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Alan Williamson

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Top Stories by Alan Williamson

Can you believe it? I know I certainly can't. This column is officially celebrating its twelfth issue, and being the mathematical genius that I am ­ and since this joyous magazine is printed on a monthly schedule ­ I can safely deduce that our first year anniversary is upon us. Fantastic. Experts reckon that most marriages break up in the first year, so I guess we've successfully made it past the hardest part. On that note I think we'll take a whistlestop tour of what I've been ranting about over the last year and look at any changes that make the arguments posed in the last 12 months seem silly now. Updates I've looked at a variety of issues that touch most of us in the Java world. As regulars know, this column isn't afraid to walk on the ice of controversy. It's been known for us to name names, and to make some of the bigger names accountable for their actions. A r... (more)

JDJ's Exclusive JavaOne Coverage

Where were you in mid-June 1999, between the 15th and the 18th? I know where at least 20,000 of you were: Moscone Center, San Francisco. San Francisco was host to this year's JavaOne conference - the ultimate show for anyone involved in the Java universe. If you didn't manage to make it out to the West Coast, lend me your eyes for a wee while and I'll take you through some of the things you missed. If you did manage to go, let me hopefully jog some happy memories as I take you behind the scenes. Most people's JavaOne experience begins with the queue for their regulation JavaOne ba... (more)

Java 1.4 and the Rest!

Guess what? It’s JavaOne month. That came around fast – and don’t panic if you’re sitting there wondering where the year went; it hasn’t, well not yet anyway. JavaOne is earlier this year, with only a nine-month gap from the previous one. It’s moved back to its old March time slot, which makes traveling and staying in San Francisco a little cheaper. Early reports indicate that attendance will be down this year, but I think that’s a good thing – it was getting too big. Never enough time for all the sessions you want to attend or to talk to the people you want to meet. We’ll report... (more)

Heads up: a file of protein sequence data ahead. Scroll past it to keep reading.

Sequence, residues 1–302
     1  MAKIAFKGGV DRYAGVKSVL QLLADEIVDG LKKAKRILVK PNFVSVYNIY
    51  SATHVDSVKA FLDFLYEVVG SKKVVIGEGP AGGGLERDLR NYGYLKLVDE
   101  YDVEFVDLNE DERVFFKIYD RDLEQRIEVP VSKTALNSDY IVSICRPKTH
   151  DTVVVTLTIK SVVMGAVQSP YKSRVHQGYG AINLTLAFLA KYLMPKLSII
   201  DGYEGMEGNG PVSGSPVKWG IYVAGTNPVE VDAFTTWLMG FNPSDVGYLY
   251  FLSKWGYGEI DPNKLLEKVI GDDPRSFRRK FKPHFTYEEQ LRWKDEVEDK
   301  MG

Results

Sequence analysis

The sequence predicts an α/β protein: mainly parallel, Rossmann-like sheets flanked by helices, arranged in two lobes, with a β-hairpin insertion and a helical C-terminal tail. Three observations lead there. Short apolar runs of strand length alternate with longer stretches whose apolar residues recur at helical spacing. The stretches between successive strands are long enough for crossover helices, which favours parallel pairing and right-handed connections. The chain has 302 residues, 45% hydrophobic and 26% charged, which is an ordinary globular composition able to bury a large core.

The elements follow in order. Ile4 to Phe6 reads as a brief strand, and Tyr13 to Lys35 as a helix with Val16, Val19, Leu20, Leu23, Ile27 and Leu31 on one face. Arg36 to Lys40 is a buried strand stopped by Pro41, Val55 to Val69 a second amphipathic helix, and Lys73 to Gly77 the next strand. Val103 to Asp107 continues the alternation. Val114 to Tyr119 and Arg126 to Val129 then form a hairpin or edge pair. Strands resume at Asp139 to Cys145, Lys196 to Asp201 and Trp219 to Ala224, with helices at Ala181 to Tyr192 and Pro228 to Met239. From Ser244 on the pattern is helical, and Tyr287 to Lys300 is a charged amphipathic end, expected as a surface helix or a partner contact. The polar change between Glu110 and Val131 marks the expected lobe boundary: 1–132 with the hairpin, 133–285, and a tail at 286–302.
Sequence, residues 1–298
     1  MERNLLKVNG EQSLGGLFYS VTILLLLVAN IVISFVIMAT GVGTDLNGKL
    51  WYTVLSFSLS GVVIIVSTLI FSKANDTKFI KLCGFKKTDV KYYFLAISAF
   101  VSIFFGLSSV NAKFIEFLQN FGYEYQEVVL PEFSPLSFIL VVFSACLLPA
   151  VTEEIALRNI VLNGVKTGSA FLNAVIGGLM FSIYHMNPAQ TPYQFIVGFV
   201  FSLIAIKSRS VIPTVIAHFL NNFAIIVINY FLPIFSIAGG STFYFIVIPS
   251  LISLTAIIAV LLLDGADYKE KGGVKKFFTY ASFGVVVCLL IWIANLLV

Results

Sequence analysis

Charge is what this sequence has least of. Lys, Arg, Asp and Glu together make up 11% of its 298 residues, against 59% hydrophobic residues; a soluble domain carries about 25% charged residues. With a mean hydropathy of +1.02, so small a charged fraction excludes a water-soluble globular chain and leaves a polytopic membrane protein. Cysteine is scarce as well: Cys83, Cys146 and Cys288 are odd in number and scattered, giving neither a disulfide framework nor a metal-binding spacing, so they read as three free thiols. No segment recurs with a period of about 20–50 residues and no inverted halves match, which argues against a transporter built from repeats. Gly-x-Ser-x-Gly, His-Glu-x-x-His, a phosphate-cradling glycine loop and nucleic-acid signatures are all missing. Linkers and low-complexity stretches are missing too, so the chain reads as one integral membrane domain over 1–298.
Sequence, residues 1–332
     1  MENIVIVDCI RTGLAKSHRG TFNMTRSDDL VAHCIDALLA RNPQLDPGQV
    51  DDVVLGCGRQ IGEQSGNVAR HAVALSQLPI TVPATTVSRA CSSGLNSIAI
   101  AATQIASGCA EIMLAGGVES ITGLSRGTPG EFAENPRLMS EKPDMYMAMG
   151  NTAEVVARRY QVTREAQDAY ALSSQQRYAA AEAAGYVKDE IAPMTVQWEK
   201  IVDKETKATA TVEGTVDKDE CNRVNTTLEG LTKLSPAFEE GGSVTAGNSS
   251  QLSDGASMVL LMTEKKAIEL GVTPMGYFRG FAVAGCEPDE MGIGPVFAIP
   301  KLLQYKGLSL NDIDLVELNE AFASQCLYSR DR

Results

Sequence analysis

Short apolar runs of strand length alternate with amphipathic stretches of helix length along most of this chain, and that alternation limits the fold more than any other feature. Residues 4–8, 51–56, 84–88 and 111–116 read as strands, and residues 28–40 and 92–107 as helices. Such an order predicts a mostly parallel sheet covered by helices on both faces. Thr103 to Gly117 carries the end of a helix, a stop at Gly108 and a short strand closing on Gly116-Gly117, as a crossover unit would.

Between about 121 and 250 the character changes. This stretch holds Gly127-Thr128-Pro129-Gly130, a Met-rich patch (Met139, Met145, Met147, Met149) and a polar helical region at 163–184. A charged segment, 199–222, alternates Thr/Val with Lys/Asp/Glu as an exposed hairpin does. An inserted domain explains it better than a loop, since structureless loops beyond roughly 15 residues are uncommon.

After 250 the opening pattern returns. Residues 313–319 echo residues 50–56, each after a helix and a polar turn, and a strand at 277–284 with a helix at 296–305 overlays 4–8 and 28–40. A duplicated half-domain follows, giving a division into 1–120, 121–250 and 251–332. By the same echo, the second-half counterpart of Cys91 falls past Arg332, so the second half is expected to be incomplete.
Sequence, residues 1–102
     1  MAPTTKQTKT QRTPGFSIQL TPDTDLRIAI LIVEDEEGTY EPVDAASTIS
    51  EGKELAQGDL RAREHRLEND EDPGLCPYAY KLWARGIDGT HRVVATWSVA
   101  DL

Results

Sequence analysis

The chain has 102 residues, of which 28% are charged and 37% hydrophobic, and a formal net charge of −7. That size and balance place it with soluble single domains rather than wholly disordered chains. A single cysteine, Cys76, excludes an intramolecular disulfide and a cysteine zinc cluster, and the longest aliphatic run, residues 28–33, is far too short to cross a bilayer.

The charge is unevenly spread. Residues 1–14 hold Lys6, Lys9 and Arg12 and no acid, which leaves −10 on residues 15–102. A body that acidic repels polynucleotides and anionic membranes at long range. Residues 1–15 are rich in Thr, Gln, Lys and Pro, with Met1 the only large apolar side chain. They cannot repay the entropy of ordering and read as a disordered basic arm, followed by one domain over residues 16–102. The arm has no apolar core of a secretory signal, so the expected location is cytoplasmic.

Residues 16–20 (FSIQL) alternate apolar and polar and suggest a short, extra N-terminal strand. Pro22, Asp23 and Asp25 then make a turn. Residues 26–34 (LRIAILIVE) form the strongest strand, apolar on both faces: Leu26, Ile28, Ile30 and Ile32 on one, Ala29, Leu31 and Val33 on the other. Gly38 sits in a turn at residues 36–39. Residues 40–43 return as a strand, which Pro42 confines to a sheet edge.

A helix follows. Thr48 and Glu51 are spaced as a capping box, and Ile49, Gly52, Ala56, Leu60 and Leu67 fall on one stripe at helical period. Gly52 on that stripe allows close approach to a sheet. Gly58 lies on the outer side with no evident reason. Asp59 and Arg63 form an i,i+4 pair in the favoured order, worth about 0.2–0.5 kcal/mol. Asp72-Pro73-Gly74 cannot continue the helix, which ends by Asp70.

Open Source "Spying" On Open Source: The CIA Project

LinuxWorld.com recently had the pleasure to interview Micah Dowty, founder and principal contributor to a rather unique project aptly named CIA (http://cia.navi.cx/).  CIA is a project that monitors a wide range of open source projects in real time tracking changes, building statistics, and alerting through a number of channels on events. [LW] Tell us a brief history of yourself and how you came up with the idea for CIA.  What were you trying to solve? [MT] CIA is really the survivor in a chain of failed projects. It started with the Kiwi, my attempt at building a very inexpensiv... (more)

The JavaStation vs. NetPC

Sun and Oracle caused a stir with their introduction of the network computer (NC) this past spring. Their idea is that the total cost of ownership of today's PCs is too high, opening the door for a low-cost, low-maintenance data appliance. So strong was the reaction of the industry that Microsoft and Intel were forced to quickly pull together a rapid counteroffensive - the NetPC. How does this battle affect the Java developer? First, let's take a closer look at what the fuss is all about. Sun and Oracle have each come out with their own versions of the network computer. Sun's ne... (more)